The Sea Bank Group will be paying €15 million for the former ITS site in St George’s Bay and not €60 million as Prime Minister Joseph Muscat said last week.
Also, according to the contract and related documents published by the government, the group will be bound to invest €150 million in the project, rather than the €300 million quoted during the press conference given at Castille to launch the residential and touristic mega project that will include three hotels.
An exercise conducted by the Times of Malta on the contract signed between the government and DB San Ġorg Property Ltd – owned by hotelier Silvio Debono - shows that the private company has so far paid €5 million of €15 million for 24,000 square metres of prime property in what is dubbed the ‘golden mile’.
The contract stipulates that the remaining €10 million will be paid over the span of seven years in annual instalments to start in January 2018.
The payments will be interest free and the concession given for 99 years.
In its negotiations with the government, the company has also managed to strike a good deal on the payment of the related ground rent due on the massive site.
Although, according to the contract, the company is supposed to pay €1.5 million in annual ground rent, the government accepted cutting the sum due to €1,000 until the completion of the project, estimated to take some five years from when permits are issued by the Planning Authority.
Real estate industry sources said the documents published indicated the company, which was the only bidder after a call for an expression of interest made by the government, got a very good deal and had the potential to make tens of millions of euros in profit from the project.
When launching the investment, Prime Minister Joseph Muscat said that the company would be paying €60 million for the land and invest €300 million.
“The contracts clearly show that Mr Debono’s company will be paying just €15 million. Any other figures mentioned are not in the contract,” the sources said.
Asked how the government could have come to the €60 million figure, the sources said the “estimated commercial consideration” mentioned by Dr Muscat was not the price of the land to be paid, as was the norm in the market.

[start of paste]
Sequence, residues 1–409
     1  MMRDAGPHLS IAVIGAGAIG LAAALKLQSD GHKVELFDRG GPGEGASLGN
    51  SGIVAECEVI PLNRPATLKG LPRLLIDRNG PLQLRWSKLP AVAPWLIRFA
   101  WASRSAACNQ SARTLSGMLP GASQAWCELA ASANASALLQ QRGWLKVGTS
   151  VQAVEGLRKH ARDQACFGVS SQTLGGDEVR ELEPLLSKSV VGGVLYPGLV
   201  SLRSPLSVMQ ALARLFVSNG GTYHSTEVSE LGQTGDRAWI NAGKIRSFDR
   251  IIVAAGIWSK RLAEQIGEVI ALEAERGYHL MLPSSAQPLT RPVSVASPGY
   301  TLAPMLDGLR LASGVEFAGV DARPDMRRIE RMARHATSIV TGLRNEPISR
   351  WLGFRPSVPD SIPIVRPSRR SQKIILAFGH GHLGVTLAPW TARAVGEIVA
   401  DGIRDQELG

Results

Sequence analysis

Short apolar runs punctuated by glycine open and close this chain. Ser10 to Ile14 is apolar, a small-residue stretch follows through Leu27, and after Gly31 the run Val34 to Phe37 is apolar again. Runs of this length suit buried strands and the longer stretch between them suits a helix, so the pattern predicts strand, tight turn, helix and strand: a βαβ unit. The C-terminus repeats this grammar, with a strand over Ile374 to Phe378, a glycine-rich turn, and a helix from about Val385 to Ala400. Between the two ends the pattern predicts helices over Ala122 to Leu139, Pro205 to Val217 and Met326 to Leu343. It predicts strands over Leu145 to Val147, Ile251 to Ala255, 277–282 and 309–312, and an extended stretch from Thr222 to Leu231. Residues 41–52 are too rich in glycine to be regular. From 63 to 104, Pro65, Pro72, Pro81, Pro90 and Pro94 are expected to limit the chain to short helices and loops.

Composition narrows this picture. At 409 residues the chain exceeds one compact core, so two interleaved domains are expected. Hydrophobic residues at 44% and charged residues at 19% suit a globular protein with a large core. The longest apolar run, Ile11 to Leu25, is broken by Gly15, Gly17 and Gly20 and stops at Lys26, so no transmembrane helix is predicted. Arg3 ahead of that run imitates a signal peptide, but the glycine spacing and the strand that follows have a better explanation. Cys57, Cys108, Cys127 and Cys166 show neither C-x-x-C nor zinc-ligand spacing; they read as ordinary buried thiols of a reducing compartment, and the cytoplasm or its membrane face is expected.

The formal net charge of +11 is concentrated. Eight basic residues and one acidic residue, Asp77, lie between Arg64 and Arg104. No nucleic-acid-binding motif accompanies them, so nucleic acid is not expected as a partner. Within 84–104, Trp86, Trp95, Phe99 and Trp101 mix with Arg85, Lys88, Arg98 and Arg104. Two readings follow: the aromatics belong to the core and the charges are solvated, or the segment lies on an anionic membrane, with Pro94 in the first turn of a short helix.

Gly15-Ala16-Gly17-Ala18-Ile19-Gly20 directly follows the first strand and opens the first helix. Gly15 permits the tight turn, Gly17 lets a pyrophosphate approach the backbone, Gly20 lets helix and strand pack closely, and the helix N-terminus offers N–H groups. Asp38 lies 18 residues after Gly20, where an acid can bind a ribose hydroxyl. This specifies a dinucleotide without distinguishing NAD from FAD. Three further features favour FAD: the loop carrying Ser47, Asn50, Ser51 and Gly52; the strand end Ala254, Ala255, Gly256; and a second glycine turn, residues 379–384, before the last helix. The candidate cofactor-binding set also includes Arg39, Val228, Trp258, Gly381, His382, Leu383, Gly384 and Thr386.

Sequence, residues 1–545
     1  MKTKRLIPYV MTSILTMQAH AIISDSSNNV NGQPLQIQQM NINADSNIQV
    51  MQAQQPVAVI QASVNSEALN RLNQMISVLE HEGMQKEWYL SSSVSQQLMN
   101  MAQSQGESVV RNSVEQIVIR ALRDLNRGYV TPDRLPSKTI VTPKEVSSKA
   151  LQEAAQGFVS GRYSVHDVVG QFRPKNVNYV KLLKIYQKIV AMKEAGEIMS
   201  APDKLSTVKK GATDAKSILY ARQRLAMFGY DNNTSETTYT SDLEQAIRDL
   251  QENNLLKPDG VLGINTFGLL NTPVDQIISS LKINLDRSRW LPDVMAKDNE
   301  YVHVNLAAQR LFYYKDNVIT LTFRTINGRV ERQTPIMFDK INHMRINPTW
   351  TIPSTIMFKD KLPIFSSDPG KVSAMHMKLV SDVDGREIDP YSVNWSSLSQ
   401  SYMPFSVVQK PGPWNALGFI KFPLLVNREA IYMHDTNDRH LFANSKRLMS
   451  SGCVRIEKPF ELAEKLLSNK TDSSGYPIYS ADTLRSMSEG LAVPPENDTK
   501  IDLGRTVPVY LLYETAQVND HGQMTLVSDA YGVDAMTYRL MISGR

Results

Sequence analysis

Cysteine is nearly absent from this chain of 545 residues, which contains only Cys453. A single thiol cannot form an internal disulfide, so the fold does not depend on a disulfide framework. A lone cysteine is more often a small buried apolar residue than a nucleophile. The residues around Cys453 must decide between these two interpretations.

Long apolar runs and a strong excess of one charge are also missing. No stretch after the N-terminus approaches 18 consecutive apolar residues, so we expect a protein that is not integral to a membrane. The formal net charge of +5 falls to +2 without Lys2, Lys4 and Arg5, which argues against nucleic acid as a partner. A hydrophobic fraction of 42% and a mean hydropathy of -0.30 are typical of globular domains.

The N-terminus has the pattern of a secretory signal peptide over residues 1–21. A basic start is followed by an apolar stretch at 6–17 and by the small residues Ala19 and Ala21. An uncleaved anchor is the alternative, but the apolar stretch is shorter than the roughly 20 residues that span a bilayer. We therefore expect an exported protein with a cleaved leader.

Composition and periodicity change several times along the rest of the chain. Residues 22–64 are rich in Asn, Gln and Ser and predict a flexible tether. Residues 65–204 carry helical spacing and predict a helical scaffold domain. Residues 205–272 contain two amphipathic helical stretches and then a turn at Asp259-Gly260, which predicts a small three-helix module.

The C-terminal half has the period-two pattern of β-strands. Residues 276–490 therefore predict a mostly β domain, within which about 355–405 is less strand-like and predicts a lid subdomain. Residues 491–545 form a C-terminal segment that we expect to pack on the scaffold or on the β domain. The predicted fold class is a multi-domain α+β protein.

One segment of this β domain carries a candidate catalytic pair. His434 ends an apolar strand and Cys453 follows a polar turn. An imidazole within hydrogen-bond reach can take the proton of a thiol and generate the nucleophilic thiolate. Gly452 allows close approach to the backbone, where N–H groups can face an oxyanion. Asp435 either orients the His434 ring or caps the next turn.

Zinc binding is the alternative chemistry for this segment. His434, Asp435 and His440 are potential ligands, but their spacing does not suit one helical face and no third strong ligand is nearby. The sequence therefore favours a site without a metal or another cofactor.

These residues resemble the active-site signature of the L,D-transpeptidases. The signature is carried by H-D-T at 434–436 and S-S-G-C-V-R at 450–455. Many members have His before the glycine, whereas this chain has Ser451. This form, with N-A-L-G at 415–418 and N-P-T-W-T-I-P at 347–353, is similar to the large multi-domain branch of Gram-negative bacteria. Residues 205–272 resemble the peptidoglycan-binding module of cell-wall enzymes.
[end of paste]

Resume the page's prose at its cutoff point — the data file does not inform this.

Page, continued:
“Strangely, the €60 million figure includes the €15 million consideration for the land, €3 million stamp duty and the presumed payments to be made by future purchasers of apartments, offices and garages.
“The latter will not be paid by the company being given the land but by future clients in the eventuality that they decide to redeem the ground land of the properties they purchase,” the sources pointed out. The controversial issue of selling the ITS property on the cheap has been raging from day one, when the government announced negotiations with Mr Debono. According to the draft Paceville master plan released last November, the price of seafront land in St George’s Bay was estimated to be €8,500 per square metre.
Although, according to this estimate, the land that was conceded to the DB Group could fetch €212 million on the market, experts said that the whole site was not considered to consist of seafront land. In a presentation given by the Minister Within the Office of the Prime Minister, Konrad Mizzi – who was the Prime Minister’s representative regarding this deal – the valuation of the land was based “on an innovative model” to be adopted in other developments in the future.
According to Dr Mizzi, this model was designed by audit firm Deloitte.
In a reaction, the government this morning said it will collect every single cent of the €60 million valuation of ITS land.
"Independent and professional valuation by Deloitte estimated the value of land of the ITS site at St George’s Bay at €56 million, excluding the almost €4 million in taxes at a total value of €60 million. The Government will collect every single euro cent as per the structure of payments which was set up by the same independent firm."
The payment will be split in this way:
Conversion from Temporary to Perpetual Emphyteusis
Car Park conversion
Redemption of ground rent
Hospitality ground rent
Retail ground rent
€56, 114 million (exc taxes)
It said the €15m value quoted by Times of Malta only included the development premium component. In addition to this component the government will receive ground rent for hospitality and leisure facilities as well as ground rent for residential properties or redemption premiums if such residential properties are redeemed.
Taking into account inflation, if the ground-rent is not redeemed, the investor will pay circa €250 million over the lifetime of the lease of land.
In Parliament yesterday, Dr Mizzi said the contract entered into with the DB Group was “very robust”, unlike that entered into by the previous administration for Smart City, where the amount paid was 40c per square metre and the developer had the freedom to sell the property, sub-lease and give land to a contractor.
Dr Mizzi added that the valuation of €56 million was attributable as: premium payable of €15 million, conversion from temporary to perpetual emphyteusis of €5.9 million, car park conversion of €0.5 million, redeption of ground rent of €23 million, hospitaly ground rent of €2.49 million and retail ground rent of €8.7 million.
Dr Mizzi also said government would ensure that the money would be recouped and not as happened in the case of Manoel Island, where MIDI paid €12 million over six years and the rest is still being negotiated because of lack of enforcement in the early years.